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Why the public needs equality with the police over the control of surveillance.

A reporter says she filmed an act of police brutality, the officer filmed took her camera and deleted the key footage.

This kind of thing is what I was talking about in a recent column, "How to Stop Cops from Abusing Technology."

I'm not saying her accusations are correct. I'm saying both the police and citizens and media should have the right to film everything, and each maintain control over what they captured, and let the courts settle these things with all evidence un-tampered with.

Citizens and media do and should have the right to film the police. Police officers should not have control over everything filmed in their vicinity.
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What about "How to Stop Cops from Abusing Citizen's Rights?" Heck with the technology. The Technology has no rights.
Live upload fixes everything. Transparency in these situations is inevitable.
Let's see. They can put drones in the air to monitor us in many ways but we can't film their treatment of the public. How crazy is that?
Bill G
There was a court finding, published about 3 months ago that said citizens have the right to film any public official in the commission of their job. Guess the officer didn't get the memo.
Furthermore, anything filmed in the public is public. Period.
They get away with this because they can.
If I'm not mistaken in pretty much all the instances where this has happened, the police have actually not only violated their own guidelines but broken the law too.

The tricky bit is being in a position to do anything about it.
+Joseph Jackson if you violate someone's rights when you arrest them you violate everyone's rights - period. I didn't say just because you arrest someone you have violated their rights. Of course you can arrest someone if you have the legal grounds and arrest powers granted by the state.
I happy there are people like us fighting the this issue.
Lopez later admitted she took the camera home, viewed the tape and did not tag the camera into evidence with the police department.

That is all I needed to read.
+Joseph Jackson well, if you tried to take a piece of technology from me whereas I was filming you in public you would have a sore fight on your hands to get it from me. It wouldn't be a reasonable request. I've never been arrested, I've never given the law a moments trouble. But, they've tried with me and I have won every time, because they were trying to take advantage of me and intimidate me.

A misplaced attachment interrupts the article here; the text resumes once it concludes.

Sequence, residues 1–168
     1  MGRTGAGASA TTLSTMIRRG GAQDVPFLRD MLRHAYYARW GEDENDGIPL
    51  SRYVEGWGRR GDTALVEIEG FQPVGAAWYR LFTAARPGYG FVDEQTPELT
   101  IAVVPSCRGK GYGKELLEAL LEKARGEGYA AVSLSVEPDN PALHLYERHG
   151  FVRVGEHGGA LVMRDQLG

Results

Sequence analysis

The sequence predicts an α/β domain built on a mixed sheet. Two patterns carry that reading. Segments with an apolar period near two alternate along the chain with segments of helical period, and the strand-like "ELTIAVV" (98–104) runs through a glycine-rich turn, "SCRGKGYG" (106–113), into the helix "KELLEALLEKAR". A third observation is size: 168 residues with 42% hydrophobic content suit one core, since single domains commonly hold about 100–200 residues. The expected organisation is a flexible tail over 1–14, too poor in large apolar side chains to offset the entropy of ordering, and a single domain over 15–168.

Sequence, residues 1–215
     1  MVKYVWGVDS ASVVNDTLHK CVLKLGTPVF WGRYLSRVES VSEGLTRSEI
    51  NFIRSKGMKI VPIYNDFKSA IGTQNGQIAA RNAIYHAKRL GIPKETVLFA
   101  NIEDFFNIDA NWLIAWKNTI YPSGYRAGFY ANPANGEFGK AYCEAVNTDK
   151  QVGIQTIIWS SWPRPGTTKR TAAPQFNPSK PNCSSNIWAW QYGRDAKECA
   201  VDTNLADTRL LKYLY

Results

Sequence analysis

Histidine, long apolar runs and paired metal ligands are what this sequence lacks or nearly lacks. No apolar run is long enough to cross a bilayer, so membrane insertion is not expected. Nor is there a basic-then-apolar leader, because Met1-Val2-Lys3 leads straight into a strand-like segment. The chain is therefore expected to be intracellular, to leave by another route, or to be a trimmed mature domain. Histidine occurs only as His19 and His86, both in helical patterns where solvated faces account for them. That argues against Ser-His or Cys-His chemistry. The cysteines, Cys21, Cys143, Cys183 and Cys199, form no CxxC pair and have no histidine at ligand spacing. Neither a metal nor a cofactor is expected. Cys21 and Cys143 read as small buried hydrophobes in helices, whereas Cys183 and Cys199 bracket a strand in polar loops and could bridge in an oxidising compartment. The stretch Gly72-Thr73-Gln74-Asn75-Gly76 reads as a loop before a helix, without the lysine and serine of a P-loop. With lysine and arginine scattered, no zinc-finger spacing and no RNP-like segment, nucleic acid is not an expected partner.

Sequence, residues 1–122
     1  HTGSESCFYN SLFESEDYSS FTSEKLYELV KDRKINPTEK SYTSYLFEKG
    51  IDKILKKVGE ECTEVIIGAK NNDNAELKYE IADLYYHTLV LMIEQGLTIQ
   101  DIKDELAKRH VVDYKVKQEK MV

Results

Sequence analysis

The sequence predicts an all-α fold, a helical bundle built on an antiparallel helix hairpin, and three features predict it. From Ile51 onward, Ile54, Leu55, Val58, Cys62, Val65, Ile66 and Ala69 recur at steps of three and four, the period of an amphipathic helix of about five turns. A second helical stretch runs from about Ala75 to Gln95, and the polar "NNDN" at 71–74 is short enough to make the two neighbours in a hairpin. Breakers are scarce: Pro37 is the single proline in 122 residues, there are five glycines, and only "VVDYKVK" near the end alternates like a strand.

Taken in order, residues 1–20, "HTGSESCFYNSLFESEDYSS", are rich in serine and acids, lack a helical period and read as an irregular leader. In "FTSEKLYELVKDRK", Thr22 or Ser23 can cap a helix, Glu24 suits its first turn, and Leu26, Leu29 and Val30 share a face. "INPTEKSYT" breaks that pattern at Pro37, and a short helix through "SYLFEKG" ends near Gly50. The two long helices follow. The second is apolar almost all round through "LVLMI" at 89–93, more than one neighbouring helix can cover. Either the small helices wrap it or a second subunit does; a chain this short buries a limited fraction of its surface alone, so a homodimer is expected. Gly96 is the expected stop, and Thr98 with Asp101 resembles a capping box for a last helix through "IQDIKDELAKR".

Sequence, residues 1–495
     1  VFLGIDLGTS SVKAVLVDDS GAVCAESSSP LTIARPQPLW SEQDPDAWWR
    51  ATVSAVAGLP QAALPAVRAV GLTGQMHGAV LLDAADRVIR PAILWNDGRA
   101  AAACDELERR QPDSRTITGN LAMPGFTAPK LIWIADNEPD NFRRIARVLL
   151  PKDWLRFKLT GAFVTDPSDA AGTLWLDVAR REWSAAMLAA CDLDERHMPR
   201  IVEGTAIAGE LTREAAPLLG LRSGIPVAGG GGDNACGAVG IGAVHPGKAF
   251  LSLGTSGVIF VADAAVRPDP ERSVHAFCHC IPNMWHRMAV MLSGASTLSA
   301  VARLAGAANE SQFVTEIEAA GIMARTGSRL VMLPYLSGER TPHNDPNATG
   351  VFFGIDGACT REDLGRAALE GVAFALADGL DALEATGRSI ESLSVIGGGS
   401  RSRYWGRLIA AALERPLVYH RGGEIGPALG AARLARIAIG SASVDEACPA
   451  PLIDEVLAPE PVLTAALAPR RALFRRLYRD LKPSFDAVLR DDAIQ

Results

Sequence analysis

When a citizen exercises their rights they are not against the law (or law enforcement), they are for the law.
I was on a cruise with Royal Caribbean and took a few pics of their security doing wrong and they were deleted when I got the cam back...heh
There are jerks in every occupation that make things difficult for those who try to do their job correctly.
+Alex Balcázar yes, the chain of custody for evidence was broken. However, how much trust could she have in the PD after what had just happened. Courts have ruled many times that you have no expectation of privacy while in public. These rulings should absolutely apply to law enforcement as well. It should be used as any other system of checks and balances.
Rodda now works for the New Mexico Dept of Corrections...
Bill G
+Joseph Jackson , perhaps it is media bias, however, the cases that have made news lately, the citizen was clearly a good distance away or in their own yard. You have to admit that these officers arrest or sieze cameras, because they know that they have been caught violating the law.
+Bean KKBspace I'm sorry, I'm afraid I am not following you.

Lopez is the cop. How much trust could she have in the PD? I dunno. Up to her. She works there. She still took the film home and claims she didn't tamper with it.

I do agree though with the point you are trying to make in the rest of your post.
There has been a lot of talk about this for years. Just google "photography is not a crime".